January 2009 New England Automotive Report

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January 2009 New England Automotive Report
CMARA Looks Back on a Busy 2008 - pg. 41
Serving The New England Collision AND Mechanical Repair Industry
MASSACHUSETTS/
RHODE ISLAND
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2 January 2009
New England Automotive Report
New England Automotive Report
January 2009 3
It Takes Genuine SAAB Collision Repair Parts To Achieve A Genuine SAAB Fit.
Imitation body parts are often cheaper, in every sense of the word. It costs less to make a door that
aligns almost properly than it does to make one that fits perfectly.
Saab collision repair parts are engineered and manufactured to Saab standards.
In the collision-repair business, time is money, and you can’t waste time on parts that almost fit properly.
Use genuine Saab replacement parts.
Your reputation depends on it.
You’ll really appreciate Genuine Saab Replacement Parts
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NEW ENGLAND DEALERS
Long Saab
218 Turnpike Road
Southborough, MA 01772
800-982-2298
Fax: 508-879-1212
www.longauto.com
[email protected]
Saab of Cape Cod
527 Station Rd.
South Yarmouth, MA 02664
800-356-7222
508-760-2510
Fax: 508-760-2508
www.hyannissaab.com
e-mail:
[email protected]
4 January 2009
New England Automotive Report
Saab of Danbury
102 Federal Road
Danbury, CT 06810
203-730-5773
Fax: 203-730-5778
Shaw Saab
22 Pond Street
Norwell, MA 02061
781-982-7222
Fax: 781-982-9822
Accent Auto Group
419 Elm Street
Milford, NH 03055
603-673-6333
Fax: 603-673-4947
Patrick Motors
519 Washington Street
Auburn, MA 01501
800-367-7222
Fax: 508-721-2374
N
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AUT M TIVE
MASSACHUSETTS/
RHODE ISLAND
EXECUTIVE DIRECTOR’S OFFICE
9 Bartlet Street #143
Andover, MA 01810
Phone: 978-749-9695
Fax: 978-749-0687
email: [email protected]
website: www.aaspmari.org
ASSOCIATION OFFICERS
PRESIDENT
Rick Starbard
VICE PRESIDENT
Bill Cahill
TREASURER
Russell Bradway
SECRETARY
Gary Cloutier
MECHANICAL DIRECTOR
Bob Baylis
CONTENTS
January 2009 • Volume 7, Number 1
National News
11 CCC Reinstates Bumper Refinish Prompt With Pathways 4.5 Release
11 DEG Surpasses One Thousand Inquiries
11 SCRS Names Aaron Schulenburg Executive Director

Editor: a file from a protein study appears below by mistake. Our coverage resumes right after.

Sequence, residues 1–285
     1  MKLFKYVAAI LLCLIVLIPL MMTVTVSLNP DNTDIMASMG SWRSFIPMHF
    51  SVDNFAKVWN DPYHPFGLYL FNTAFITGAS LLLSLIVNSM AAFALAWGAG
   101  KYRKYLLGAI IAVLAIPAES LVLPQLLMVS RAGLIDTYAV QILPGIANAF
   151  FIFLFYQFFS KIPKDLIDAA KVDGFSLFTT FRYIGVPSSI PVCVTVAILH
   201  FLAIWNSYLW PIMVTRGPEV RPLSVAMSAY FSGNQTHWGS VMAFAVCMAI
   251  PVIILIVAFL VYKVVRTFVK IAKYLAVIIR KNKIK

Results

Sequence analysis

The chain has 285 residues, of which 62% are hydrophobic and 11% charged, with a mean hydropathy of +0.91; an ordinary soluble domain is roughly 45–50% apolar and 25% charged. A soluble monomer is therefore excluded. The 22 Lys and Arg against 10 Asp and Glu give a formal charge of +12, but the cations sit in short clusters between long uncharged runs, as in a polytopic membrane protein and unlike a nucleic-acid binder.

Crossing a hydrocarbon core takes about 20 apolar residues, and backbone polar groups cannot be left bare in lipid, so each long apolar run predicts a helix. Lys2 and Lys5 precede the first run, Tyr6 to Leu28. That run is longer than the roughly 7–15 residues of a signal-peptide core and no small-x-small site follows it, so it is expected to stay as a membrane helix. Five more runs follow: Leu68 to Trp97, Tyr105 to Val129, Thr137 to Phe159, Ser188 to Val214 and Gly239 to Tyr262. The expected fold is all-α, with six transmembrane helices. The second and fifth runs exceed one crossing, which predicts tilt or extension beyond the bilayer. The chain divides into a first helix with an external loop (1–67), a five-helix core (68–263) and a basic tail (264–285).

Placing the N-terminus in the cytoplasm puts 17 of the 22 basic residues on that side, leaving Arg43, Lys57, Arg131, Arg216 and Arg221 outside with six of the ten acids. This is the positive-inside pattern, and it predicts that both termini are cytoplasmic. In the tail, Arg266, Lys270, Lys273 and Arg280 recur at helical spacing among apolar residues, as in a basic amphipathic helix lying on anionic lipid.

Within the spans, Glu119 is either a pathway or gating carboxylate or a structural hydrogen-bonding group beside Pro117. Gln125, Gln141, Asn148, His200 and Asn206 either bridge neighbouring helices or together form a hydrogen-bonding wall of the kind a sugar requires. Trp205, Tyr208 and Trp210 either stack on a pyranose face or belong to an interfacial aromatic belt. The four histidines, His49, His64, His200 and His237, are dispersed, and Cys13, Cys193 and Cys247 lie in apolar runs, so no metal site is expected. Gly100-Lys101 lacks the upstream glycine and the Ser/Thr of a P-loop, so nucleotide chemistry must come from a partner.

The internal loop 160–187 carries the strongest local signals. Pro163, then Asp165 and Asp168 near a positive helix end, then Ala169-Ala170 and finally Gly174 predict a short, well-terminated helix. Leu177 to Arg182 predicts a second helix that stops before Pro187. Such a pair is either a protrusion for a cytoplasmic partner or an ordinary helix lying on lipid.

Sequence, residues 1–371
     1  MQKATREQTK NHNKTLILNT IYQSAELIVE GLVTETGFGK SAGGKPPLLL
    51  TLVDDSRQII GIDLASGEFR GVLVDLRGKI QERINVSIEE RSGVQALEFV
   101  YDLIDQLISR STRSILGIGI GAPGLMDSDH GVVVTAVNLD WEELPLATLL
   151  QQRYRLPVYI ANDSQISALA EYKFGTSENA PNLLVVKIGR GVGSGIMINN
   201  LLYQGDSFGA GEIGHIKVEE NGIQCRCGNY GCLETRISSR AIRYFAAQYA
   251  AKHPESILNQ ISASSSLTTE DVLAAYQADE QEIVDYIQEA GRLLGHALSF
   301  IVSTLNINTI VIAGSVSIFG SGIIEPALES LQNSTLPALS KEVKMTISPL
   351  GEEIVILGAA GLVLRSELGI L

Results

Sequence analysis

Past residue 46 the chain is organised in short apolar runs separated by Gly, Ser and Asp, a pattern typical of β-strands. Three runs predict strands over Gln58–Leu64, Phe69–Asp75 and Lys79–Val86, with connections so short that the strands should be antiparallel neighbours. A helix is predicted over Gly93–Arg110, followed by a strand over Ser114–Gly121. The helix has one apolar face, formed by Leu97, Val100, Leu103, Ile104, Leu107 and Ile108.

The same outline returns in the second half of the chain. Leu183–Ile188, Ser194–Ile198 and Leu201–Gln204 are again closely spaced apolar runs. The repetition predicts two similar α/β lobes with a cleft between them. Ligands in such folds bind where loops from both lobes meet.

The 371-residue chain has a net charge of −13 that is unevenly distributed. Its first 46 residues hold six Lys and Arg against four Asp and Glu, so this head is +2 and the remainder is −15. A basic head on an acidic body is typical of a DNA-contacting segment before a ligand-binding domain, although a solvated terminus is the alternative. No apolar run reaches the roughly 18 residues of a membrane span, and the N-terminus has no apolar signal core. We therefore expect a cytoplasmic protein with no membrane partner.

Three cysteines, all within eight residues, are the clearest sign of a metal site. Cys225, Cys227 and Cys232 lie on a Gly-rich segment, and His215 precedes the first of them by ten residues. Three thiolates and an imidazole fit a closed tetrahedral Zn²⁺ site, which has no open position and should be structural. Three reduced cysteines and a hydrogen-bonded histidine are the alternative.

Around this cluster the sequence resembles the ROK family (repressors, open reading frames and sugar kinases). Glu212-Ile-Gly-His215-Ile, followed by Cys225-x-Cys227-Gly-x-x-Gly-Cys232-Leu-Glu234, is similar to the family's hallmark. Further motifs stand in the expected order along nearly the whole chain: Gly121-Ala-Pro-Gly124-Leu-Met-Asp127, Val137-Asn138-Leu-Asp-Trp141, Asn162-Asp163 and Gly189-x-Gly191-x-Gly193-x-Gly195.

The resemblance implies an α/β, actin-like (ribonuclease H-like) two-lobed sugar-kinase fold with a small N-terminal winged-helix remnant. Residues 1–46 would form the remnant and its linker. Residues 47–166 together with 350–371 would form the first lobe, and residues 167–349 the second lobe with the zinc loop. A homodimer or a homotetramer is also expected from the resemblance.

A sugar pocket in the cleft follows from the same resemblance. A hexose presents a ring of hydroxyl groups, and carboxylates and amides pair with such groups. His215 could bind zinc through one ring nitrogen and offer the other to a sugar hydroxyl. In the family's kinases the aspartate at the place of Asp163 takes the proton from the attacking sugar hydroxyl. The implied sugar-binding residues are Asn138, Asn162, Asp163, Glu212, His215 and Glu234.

Technical Update
18 An Accurate and Complete Estimate
by Mark Giammalvo
On the Lift
20 When You Get Lemons...
by Leon Bousquet
COLLISION DIRECTOR
Alex Falzone
ASSOCIATE DIRECTOR
Michael Coran
NORTHEAST CHAPTER DELEGATE
Alex Falzone
EDUCATIONAL DIRECTOR
Jeffrey Choy
GENERAL DIRECTORS
Russell Hamel
Brian Hohmann
Butch Rand
Mark Millman
EXECUTIVE DIRECTOR
Peter Abdelmaseh
Guest Editorial
22 Labor Rate Reform: We’re Still at the Table
by Tom Ricci, CMARA President
Tech Feature
27 The Theory of EME+54 = Proper Repairs: The Lack of Basic
Estimating Procedures Can Kill Your Productivity! Part One of a Two-Part Series
by Larry Montanez III, with Peter Pratti Jr.
Cover Story
35 Hurry Up & Wait? AASP MA/RI Members React to New Inspection Program
by Joel Gausten
PUBLISHER
Thomas Greco ([email protected])
MANAGING EDITOR
Alicia Figurelli ([email protected])
EDITOR
Joel Gausten ([email protected])
ADVERTISING DIRECTOR
Norman Morano
(800)991-1995 ([email protected])
CMARA Update
41 CMARA Looks Back on a Busy 2008
by Joel Gausten
ART DIRECTOR
Lea Velocci ([email protected])
PRODUCTION MANAGER
Megan Maletich ([email protected])
CONTRIBUTING EDITORS
Rick Starbard • Bill Cahill • Peter Abdelmaseh •
Leon Bousquet • Mark Giammalvo
Published by: Thomas Greco Publishing, Inc.
244 Chestnut Street, Suite 202, Nutley, NJ 07110
Corporate: (973) 667-6922 / FAX: (973) 235-1963
Advertising: (732) 280-6000 / FAX: (732) 280-6601
PLUS:
6 Vice President’s Message
46 Index of Advertisers
New England Automotive Report is published monthly by TGP, Inc., 244 Chestnut Street, Suite 202 Nutley, NJ 07110. Distributed free to qualified recipients; $48 to all others. Additional copies of New
England Automotive Report are available at $5 per copy. Reproduction of any portions of this publication is specifically prohibited without written permission of the publisher. The opinions and ideas
appearing in this magazine are not necessarily representations of TGP Inc. or of AASP MA/RI or CMARA. Copyright © 2009 by Thomas Greco Publishing, Inc.
Cover image ©istockphoto.com/Slavoljub Pantelic.
New England Automotive Report
January 2009 5
Vice President’s Message
Turn the Page:
It’s a New Year!
Bill Cahill
I wanted to take this article and slam a lot of people for what
they have done over the past year or so. I have been advised to
take the high road, but I would be remiss if left it unmentioned.
Small people in high places and big people in low places have
struck again. From lies and deceit to so-called friends and foe
alike, all have worked to undo a lot of what AASP stands for –